Georgia’s park of runaway trees
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(all photos by Giorgi Lomsadze)
Since 2016, Georgians have been observing the surreal spectacle of some of the nation’s most impressive trees departing their longtime homes in forests and gardens and traveling by barge to a park on the Black Sea coast. Two hundred eucalyptuses, liriodendrons, cypresses, magnolias – all towering, centennial giants – have sailed to their new home as if drawn magnetically.
The Pied Piper in this case is the country’s richest and most powerful man, Bidzina Ivanishvili, and the park is his idiosyncratic creation. Ivanishvili has spent millions of his own dollars, overseen feats of logistical engineering and bulldozed over environmental activists’ protests to create this shrine to his passion: giant trees.
Now the park has finally opened, and Georgians have been flocking to check out the much-hyped arcadia.
On weekends, long and chaotic queues have been forming outside the site, formally known as the Shekvetili Dendrological Park, about an hour north of Batumi. Under the baking sun, police engage in shouting matches with drivers, who in their search for parking are bottling up traffic on the nation’s main East-West highway. Passing drivers making their way through the snarl honk and curse fiercely.
Pro-government television broadcasts have been stoking the craze, running reports about “yet another gift to the planet” from Ivanishvili, the chairman of the ruling Georgian Dream party. In the two weeks after its opening on July 15, the park reportedly received as many as 250,000 visitors.
Inside, the opening scenes from Jurassic Park come to mind. Crowds pass through a sun-dappled alley, lined with bright green thujas, and emerge at a large, open-air aviary, encased in an electric fence and partly covered by nets. Giant pelicans stare on mistrustfully from behind the chain link while grey crowned cranes chase one another, shrieking angrily. The park’s avian pièce de résistance, a flamboyance of pink flamingos, can be seen at a distance, in the middle of a lake.
The park has quickly emerged as the top Instagram spot for locals. Young women in cocktail dresses pose: lips pouted, hair to one side, one knee cocked. Couples snap selfies hugging in the bamboo groves, and children demand to be photographed with the lemurs and parrots.
The raison d'être giant trees are held in place with massive ropes, as if to prevent them from escaping. Guards shoo people away from the trees and off the lawns, herding the unruly crowds back on to the walkways. “It’s so Ray Bradbury: Don’t step off the path or something terrible happens,” one visitor joked.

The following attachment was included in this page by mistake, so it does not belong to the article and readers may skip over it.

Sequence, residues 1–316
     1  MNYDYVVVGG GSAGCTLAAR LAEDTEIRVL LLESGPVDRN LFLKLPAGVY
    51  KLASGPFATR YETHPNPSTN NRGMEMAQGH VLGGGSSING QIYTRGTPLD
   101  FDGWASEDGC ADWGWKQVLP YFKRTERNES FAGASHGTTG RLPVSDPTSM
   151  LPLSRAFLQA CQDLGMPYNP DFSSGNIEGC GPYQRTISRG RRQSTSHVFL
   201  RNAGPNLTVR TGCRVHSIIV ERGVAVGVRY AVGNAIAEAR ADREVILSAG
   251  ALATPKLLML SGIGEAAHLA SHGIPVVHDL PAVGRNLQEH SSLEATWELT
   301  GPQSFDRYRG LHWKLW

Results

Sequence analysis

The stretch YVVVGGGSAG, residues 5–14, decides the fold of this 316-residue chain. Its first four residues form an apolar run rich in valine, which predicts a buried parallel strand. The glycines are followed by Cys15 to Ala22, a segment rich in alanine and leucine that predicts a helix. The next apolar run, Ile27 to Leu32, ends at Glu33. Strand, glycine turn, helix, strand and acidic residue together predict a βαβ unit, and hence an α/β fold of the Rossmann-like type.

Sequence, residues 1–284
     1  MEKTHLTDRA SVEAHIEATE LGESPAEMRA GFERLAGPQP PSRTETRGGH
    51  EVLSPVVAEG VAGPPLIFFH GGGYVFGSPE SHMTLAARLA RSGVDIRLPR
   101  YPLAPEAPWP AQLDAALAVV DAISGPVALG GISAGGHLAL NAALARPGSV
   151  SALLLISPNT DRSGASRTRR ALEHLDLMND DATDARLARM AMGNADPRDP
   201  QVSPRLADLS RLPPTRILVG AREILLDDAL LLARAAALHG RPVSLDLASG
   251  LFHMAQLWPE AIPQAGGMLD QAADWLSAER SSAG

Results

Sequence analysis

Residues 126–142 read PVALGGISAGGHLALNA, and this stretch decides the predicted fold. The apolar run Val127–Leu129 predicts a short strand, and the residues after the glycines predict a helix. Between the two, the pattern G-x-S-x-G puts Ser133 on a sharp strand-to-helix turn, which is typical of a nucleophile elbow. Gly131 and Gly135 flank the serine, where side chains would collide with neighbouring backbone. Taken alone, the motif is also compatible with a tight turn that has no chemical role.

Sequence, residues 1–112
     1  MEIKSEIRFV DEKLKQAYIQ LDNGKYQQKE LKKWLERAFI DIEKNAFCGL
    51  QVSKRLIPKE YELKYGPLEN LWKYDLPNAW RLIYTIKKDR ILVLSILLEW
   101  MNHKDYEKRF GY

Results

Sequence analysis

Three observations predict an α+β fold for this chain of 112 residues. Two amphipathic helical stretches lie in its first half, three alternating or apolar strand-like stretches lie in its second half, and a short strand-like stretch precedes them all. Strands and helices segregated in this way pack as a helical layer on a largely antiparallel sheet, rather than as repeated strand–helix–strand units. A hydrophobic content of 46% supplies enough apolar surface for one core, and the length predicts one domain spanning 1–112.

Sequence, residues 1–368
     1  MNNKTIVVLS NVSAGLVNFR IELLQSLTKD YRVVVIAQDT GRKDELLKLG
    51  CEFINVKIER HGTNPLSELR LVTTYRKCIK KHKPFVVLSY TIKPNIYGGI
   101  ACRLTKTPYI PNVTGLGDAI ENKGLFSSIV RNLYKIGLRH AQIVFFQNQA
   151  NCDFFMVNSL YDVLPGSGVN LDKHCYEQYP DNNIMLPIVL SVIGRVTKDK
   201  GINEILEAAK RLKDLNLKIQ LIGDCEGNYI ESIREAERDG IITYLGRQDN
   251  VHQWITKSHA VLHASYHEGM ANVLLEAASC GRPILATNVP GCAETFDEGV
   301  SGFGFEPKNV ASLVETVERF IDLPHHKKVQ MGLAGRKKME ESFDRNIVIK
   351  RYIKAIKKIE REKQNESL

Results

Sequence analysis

“I felt like I sold a family member”
On a recent visit by Eurasianet, two children went running up to one tree with glossy, myrtle green leaves. “Daddy, daddy, we found it!” they shouted. Their parents went up for a closer inspection. “No, ours was much larger,” the mother concluded.
“Ivanishvili took our tree and we are trying to find it,” the father, a portly, kind-eyed 40-something told Eurasianet. He identified himself as Gocha, but declined to give his real name or the name of his village, saying that he feared jeopardizing the terms of the agreement he had signed with Ivanishvili’s people for selling a centennial magnolia from his yard for the park.
His two kids ran ahead, continuing their search. Gocha trailed behind, sweating profusely. Like many men at the park, he had his shirt rolled up to expose his belly in an effort to beat the heat. “My great grandfather planted that magnolia and I sold it for cash. What kind of a man am I after this?“ Gocha asked with a guilty smile. “But I did it for them, to buy them clothes and textbooks,” he added pointing at his kids. “I had to fix the roof and she wanted a new laundry machine,” he said, pointing at his wife.
“As always, everything is my fault,” the wife retorted. She plodded ahead in a red floral dress holding a toddler, occasionally turning around to warn her husband to not share too much information with a journalist: “If you keep on blabbering, they will take it all back and we won’t have the money or the tree.”